At the heart of All Grown Up is the big question ‘what makes us adults?’ and I think Andrea represents a lot of the questions that we ask ourselves as we try to be grown ups. Andrea doesn’t necessarily have the answers but in reading this book I’m sure many will recognise situations and mindsets that are familiar – a great novel to debate with friends.

4/5

All Grown Up is out now in hardback and ebook formats from Sepent’s Tail.

I’d like to thank the publisher for sending me a review copy of this book.

Guest post: The Challenge of Writing Sizzle (When you’re used to Sweet) by Inge Saunders

9 Apr

Today I’m welcoming Inge Saunders to One More Page to talk about the challenges that she faced when writing her latest novella, The Wolf’s Choice. Inge lives in the biggest small town in South Africa‒ Worcester. She fell in love with books when she started reading romance novels with her grandmother. Intrigued by the worlds books unlocked, it was inevitable she would take pen to paper. She holds an Honors degree in Community Development and Learning Support and loves to sink her teeth into the research part of a story.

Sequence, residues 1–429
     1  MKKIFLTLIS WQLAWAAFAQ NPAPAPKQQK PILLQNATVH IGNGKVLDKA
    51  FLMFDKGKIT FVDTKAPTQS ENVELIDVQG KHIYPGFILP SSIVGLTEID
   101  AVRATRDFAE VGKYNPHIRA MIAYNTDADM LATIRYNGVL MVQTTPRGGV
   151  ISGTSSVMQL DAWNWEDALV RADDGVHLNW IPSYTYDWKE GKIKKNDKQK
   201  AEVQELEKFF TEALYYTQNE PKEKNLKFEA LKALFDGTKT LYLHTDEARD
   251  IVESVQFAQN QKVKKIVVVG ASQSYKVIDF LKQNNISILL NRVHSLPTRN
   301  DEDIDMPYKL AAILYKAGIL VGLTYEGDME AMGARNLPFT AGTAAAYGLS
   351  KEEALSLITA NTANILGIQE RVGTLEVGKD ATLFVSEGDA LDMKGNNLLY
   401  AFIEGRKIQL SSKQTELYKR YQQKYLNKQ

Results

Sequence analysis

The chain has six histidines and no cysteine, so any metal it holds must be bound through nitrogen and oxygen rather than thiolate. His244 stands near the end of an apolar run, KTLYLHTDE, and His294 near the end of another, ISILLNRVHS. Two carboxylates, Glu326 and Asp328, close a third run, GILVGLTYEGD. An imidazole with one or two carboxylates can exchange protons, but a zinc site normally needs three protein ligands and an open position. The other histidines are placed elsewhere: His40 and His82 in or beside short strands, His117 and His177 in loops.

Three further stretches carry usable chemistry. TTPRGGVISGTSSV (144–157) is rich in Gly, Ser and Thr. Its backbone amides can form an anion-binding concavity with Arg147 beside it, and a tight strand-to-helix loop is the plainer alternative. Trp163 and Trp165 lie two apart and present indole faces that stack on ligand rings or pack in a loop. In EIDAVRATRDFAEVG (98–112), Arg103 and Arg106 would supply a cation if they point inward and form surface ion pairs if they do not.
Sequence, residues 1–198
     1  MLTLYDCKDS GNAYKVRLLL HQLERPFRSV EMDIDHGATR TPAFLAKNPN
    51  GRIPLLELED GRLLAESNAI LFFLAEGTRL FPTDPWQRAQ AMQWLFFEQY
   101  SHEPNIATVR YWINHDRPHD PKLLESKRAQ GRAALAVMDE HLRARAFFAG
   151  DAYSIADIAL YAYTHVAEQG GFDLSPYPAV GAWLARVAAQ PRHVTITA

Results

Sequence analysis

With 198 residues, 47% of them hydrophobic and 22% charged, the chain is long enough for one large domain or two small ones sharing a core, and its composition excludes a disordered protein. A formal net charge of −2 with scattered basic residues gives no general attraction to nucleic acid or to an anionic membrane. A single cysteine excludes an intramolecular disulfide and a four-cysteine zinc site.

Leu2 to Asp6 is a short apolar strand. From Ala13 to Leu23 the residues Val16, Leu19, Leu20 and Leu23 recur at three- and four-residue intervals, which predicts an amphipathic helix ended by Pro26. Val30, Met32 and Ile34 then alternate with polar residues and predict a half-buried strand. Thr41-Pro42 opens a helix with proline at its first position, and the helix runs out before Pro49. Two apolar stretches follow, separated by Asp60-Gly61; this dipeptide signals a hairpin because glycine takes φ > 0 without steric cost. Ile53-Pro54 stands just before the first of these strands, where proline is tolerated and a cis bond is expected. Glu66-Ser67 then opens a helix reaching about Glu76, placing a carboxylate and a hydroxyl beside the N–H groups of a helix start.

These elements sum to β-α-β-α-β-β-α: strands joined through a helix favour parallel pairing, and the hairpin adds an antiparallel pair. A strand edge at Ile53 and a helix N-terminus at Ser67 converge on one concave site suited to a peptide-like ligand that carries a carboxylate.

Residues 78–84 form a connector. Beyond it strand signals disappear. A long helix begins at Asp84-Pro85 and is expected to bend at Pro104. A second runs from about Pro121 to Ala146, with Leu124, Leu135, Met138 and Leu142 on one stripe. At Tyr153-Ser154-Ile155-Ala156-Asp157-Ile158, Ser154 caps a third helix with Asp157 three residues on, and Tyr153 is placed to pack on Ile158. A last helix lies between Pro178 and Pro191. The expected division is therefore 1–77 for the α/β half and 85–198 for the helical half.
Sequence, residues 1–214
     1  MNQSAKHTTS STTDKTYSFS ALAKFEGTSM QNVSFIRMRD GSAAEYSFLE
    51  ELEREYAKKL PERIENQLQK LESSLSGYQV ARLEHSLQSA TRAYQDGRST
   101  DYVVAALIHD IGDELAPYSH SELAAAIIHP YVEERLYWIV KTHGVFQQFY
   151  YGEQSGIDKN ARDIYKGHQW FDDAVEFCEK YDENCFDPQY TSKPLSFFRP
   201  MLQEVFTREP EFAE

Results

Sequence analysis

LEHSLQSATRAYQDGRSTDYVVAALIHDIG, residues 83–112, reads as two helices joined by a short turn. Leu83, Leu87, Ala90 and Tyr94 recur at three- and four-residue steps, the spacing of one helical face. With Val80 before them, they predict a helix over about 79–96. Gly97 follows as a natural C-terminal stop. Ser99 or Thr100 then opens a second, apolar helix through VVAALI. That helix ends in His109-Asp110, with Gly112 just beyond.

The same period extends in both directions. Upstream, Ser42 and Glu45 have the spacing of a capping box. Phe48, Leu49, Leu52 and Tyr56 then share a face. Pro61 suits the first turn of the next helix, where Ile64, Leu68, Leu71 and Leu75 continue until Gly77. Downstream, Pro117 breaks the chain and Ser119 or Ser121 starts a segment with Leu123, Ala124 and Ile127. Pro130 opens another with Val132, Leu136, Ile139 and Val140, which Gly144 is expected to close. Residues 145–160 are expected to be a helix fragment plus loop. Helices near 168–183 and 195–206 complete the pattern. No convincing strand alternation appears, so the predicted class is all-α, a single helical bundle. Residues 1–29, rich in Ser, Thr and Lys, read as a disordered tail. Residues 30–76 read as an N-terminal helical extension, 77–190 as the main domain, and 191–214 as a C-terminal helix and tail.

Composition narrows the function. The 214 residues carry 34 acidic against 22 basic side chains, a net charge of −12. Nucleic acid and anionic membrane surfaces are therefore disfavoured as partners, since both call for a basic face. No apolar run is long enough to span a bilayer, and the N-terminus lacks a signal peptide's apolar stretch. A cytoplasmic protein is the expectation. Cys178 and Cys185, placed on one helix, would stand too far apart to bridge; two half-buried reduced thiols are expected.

When she’s not writing about that ‘inexplicable attraction’ she’s reading almost every sub-genre in romance out there, spending time with friends and family and taking hikes in her hometown’s National Karoo Park.

Inge SaundersAs with all things in life, trying something new does bring its own set of challenges. And going from writing sweet contemporary romance to more spicy paranormal romance wasn’t the exception.

I remember at one point I did a post on my Facebook Author Page on the research I’d done on ‘how to approach writing a love scene’. Don’t worry I won’t do a recount here *smile*

But what is the challenge of writing sizzling instead of sweet? Romance is romance after all. There can’t be much difference between the two. And right there, I would lose my reader. Because a sweet romance reader is looking for something different than a reader who prefers a more sizzling read. As an author with a deep respect for readers (because I’m a reader myself) I sat back and dug deep to understand the complexity of the challenges I’m going to face as I tell the story.